We Know This Song
About three months ago, I went to visit my grandmother in her hospice care facility, in a room she shares with a stranger. The week before, I sang to her all the hymns I could think of—the old Lutheran standbys from the green hymnal of my childhood. “I Love to Tell the Story,” “Beautiful Savior,” and of course, “Amazing Grace.” My grandmother’s father sang in the good old days of WHO radio in Des Moines, sharing the airwaves with a little-known sports announcer named Ronald Reagan. We have a recording of my great-grandfather singing in the big Lutheran church downtown. He possessed a beautiful baritone; my grandmother possessed a nearly perfect sense of pitch. I possess neither, but the rhythms of music seem to inflect and infuse every creative thing I do.
I didn’t think I could sing. To tell the truth, I didn’t even try. I sat next to my grandmother’s bed in the quiet of a Sunday evening, expecting companionable silence. And then, out of nowhere, a powerful urge filled me. All I wanted was to crawl into bed next to her, as if I was a child again. The urge was so strong, but there was no possible way I could. So I settled for an awkward leaning: clutching her hand with my head next to her body. And for a while I remained there, bent over in my chair, listening to our ragged breathing.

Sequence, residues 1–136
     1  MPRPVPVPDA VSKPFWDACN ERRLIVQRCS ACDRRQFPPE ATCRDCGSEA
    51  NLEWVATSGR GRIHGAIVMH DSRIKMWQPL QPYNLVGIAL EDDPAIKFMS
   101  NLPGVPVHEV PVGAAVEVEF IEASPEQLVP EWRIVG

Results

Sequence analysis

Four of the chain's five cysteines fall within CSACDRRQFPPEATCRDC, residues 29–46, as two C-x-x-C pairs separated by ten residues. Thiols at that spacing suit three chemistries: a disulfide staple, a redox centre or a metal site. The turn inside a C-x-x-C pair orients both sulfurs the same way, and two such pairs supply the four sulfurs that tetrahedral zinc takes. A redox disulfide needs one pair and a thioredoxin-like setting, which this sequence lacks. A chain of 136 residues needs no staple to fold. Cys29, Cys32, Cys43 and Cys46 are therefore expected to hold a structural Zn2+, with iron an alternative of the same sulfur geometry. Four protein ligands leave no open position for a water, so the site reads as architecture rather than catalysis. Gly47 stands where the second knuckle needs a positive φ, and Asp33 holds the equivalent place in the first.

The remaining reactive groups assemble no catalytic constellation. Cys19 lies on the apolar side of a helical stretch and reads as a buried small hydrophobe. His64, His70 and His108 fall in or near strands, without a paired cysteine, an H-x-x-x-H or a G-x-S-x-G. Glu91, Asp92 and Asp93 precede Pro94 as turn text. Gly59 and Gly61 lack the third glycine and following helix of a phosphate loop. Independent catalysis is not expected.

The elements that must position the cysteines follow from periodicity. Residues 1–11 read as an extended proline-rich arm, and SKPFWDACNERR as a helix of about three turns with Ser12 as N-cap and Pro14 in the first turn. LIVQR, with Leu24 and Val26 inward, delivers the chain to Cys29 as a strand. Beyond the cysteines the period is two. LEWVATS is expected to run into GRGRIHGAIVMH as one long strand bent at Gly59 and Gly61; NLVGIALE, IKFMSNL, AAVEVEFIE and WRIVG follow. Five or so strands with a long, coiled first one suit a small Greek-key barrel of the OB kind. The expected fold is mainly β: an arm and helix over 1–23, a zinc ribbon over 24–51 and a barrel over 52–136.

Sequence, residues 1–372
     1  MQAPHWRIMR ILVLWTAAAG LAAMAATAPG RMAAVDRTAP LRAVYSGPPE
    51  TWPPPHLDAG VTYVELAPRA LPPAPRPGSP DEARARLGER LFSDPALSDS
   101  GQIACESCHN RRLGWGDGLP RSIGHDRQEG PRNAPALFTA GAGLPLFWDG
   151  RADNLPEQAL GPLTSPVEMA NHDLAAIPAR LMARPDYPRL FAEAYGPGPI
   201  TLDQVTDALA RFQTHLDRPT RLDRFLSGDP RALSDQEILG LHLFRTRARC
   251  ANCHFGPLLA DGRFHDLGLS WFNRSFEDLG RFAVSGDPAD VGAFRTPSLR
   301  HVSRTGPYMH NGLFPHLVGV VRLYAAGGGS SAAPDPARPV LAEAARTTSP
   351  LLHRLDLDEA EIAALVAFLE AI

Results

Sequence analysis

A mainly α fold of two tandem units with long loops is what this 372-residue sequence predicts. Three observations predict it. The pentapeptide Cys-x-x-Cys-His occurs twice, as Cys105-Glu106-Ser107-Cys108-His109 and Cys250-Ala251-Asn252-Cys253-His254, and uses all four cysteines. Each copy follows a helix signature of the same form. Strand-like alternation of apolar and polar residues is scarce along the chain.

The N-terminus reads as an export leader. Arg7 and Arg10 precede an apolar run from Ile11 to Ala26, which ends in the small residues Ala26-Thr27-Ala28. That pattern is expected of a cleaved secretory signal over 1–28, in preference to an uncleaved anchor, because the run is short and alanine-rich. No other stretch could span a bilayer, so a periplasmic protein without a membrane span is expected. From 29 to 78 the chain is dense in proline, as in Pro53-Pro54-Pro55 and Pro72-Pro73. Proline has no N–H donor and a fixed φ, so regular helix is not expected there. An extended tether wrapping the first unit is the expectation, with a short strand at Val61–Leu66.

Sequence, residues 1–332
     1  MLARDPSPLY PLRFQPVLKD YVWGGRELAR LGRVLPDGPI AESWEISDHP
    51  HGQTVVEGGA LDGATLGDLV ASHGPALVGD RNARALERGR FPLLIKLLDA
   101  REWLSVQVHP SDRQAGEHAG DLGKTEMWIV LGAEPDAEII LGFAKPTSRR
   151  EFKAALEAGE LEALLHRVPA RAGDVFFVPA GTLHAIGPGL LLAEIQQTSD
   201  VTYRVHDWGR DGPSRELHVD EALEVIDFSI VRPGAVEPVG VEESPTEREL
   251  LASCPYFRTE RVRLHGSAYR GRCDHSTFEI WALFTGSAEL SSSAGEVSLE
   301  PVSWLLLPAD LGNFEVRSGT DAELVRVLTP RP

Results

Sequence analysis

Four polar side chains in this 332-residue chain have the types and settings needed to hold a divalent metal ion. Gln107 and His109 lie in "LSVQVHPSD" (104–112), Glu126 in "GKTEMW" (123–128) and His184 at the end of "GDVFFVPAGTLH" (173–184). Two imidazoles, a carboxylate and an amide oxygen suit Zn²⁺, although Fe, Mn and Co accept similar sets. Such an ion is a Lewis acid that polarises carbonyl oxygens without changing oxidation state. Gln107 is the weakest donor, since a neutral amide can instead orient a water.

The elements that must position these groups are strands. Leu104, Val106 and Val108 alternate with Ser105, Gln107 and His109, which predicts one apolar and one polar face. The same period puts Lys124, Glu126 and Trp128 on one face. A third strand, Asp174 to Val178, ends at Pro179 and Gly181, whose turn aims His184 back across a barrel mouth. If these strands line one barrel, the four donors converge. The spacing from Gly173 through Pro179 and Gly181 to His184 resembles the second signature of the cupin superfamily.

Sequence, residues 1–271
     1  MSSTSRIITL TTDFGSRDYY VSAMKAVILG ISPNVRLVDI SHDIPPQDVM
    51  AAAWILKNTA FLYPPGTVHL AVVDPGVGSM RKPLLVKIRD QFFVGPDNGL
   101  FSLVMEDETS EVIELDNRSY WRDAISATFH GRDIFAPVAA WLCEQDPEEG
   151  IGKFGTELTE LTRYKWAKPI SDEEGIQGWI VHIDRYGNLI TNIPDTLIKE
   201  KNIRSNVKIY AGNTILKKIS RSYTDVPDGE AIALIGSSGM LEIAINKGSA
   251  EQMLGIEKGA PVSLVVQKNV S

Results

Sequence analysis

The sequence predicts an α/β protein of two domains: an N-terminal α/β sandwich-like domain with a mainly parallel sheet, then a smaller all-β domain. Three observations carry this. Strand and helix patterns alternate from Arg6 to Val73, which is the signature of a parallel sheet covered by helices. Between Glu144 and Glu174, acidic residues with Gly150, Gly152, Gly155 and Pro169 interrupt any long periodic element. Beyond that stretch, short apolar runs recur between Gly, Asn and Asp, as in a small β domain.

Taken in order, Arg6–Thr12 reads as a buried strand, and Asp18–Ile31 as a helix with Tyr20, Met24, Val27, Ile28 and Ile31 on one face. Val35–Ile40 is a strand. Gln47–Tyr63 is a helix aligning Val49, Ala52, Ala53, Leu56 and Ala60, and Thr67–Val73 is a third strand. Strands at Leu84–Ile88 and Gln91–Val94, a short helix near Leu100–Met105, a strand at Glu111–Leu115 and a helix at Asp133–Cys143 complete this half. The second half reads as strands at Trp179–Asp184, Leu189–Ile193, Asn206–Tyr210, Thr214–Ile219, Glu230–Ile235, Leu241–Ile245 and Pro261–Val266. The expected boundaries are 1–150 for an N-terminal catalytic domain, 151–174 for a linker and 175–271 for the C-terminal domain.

Every few months I lead worship for three nursing homes in town. And I can’t honestly say I enjoy it. My perfectionism get the best of me. I never speak loudly enough. I’m always trying not to bump into wheelchairs while I serve communion, and frankly, it’s difficult to see people physically decimated by illness and deterioration. I don’t enjoy it, but I’m often grateful for it. Two weeks ago, a woman who usually sleeps through worship with her mouth wide open did something I’d never seen her do before. While we sung “The Old Rugged Cross” her mouth began to move. She knew the words. She knew the words by heart.
In and out, pause and continue, rest and rhythm. From the first heartbeat to the last, we know this music. We know this song.